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Joe Biden's gaffes drawing wrong kind of attention

Vice President Joe Biden speaks at Wynmoor Village in Coconut Creek, Fla., Friday, March 23, 2012. After four gaffes in two days, Joe Biden's propensity to stumble on the stump has Republicans chortling.
Vice President Joe Biden speaks at Wynmoor Village in Coconut Creek, Fla., Friday, March 23, 2012. After four gaffes in two days, Joe Biden's propensity to stumble on the stump has Republicans chortling.
Luis M. Alvarez, file, Associated Press

SALT LAKE CITY — Sarah Palin thinks Hillary Clinton should join the Democratic ticket for vice president, replacing Joe Biden, who spent the early part of this week moving from one gaffe to the next.

On Tuesday, Biden told voters in Virginia that, "with you, we can win North Carolina," a comment that suggests that Attorney General Eric Holder might need to rethink his opposition to voter ID laws. That was also the day that Biden told a largely black audience that Republicans were going to "put y'all back in chains."

Then on Wednesday, Biden forgot what century he was in, asking an audience in Blacksburg, Va., "Where is it written that we cannot lead the world in the 20th Century in making automobiles?"

Scott Johnson at Powerline thinks Biden is, metaphorically, a dead man walking. "Will Obama dump him? I think he will, in a heartbeat, if internal polling shows that Ms. Hillary would help him. Obama is a cold guy and Biden has done nothing but embarrass him."

The Weekly Standard pointed to the president's schedule today, which includes meetings with the Vice President and with Secretary of State Hillary Clinton.

John McCain said on Fox News Wednesday that replacing Biden would be "wise" but predicted it would not happen. “I think it might be wise to do that but it’s not going to happen obviously, for a whole variety of reasons,” McCain said.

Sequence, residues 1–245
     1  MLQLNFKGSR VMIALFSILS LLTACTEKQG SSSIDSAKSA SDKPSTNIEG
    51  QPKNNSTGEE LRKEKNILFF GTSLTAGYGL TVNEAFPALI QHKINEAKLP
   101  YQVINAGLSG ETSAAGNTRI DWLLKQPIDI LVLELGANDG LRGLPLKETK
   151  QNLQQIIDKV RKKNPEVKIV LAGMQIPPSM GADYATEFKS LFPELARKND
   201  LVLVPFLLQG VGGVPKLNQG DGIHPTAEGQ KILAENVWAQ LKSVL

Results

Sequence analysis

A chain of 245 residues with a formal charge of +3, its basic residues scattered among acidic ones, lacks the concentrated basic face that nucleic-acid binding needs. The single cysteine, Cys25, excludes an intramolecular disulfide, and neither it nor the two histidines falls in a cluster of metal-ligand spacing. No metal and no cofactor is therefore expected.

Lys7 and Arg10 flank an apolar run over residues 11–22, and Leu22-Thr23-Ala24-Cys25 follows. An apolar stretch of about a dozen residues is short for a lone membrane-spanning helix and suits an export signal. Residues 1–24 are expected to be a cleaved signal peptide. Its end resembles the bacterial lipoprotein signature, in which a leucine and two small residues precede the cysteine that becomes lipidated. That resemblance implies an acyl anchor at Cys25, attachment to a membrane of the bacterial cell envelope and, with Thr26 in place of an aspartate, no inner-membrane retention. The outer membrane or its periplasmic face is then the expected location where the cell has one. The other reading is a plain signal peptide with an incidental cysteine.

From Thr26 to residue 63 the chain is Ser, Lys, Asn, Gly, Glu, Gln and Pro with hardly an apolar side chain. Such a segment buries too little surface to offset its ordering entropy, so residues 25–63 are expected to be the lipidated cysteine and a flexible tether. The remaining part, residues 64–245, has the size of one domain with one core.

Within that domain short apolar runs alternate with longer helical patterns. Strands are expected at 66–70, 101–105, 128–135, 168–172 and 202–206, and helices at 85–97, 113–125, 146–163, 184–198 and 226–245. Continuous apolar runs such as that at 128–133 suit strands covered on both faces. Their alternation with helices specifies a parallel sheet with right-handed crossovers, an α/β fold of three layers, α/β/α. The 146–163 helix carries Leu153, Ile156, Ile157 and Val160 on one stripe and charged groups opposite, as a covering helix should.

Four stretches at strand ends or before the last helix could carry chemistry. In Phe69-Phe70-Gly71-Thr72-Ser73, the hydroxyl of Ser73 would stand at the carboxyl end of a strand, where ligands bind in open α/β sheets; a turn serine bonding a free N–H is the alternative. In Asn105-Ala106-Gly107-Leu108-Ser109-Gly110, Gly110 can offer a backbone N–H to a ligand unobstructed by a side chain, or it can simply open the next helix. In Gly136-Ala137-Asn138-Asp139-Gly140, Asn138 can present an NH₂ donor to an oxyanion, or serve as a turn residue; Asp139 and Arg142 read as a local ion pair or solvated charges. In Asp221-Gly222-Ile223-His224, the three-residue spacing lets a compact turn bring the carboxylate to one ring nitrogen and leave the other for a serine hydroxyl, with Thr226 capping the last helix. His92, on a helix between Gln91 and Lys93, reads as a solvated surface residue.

“I’m not sure if I were Hillary Clinton I would want to be on that team,” he added. “I think her ambitions frankly are for 2016, and I’m not sure that would enhance that likelihood.”

On CNN, Former Viriginia governor Doug Wilder, a Democrat and an African American, disputed the Obama camp's spin that Biden's chains comments were not racially charged.

"First of all, without question they were appeals to race," Wilder said. "The important thing I got out of this was Biden separated himself from what he accused the people of doing. As a matter of fact, what he said is they are going to do something to y'all, not to me. Not us. So he was still involved with that separate American."

Any inclination in the Obama camp to follow McCain's advice may be dampened by Sarah Palin, who on Tuesday said that he should replace Biden with Hillary, arguing that Obama must find a "diplomatic way of replacing Joe Biden on the ticket with Hillary. And I don't want to throw out that suggestion and have them actually accept the suggestion, because then an Obama-Hillary Clinton ticket would have a darn good chance of winning."

On CNBC, Former New York Mayor Rudy Giuliani responded to Biden's bad week by calling Biden "dumb," and discounting the "chains" gaffe as par for the course.

“Well, I think if it came from somebody serious maybe we’d get all excited about it. But I think the Vice President of the United States has become a laugh line on late night television. I’ve never seen a vice president that has made as many mistakes, said as many stupid things. I mean there’s a real fear if, God forbid, if he ever had to be entrusted with the presidency, whether he really has the mental capacity to handle it.”

The difficulty facing Obama now is that replacing Biden at this late hour, and under pressure from the likes of Sarah Palin, would be seen as caving, and a sign of desperation and weakness, wrote Jim Geraghty at National Review, offering four reasons the switch won't happen:

"First, it would require President Obama to admit a mistake. Secondly, it would de facto concede that the critics who deride Biden as an ill-informed, tactless, often obnoxious, loudmouthed, bloviating rhetorical time-bomb have been right all along. Thirdly, no one would believe the 'sudden health crisis' or other story put forth to explain the switch. Fourth, there’s no automatic slam-dunk replacement. Think Hillary Clinton wants to jump in two months before Election Day to help save Obama from his own bad decisions?"

Eric Schulzke writes on national politics for the Deseret News. He can be contacted at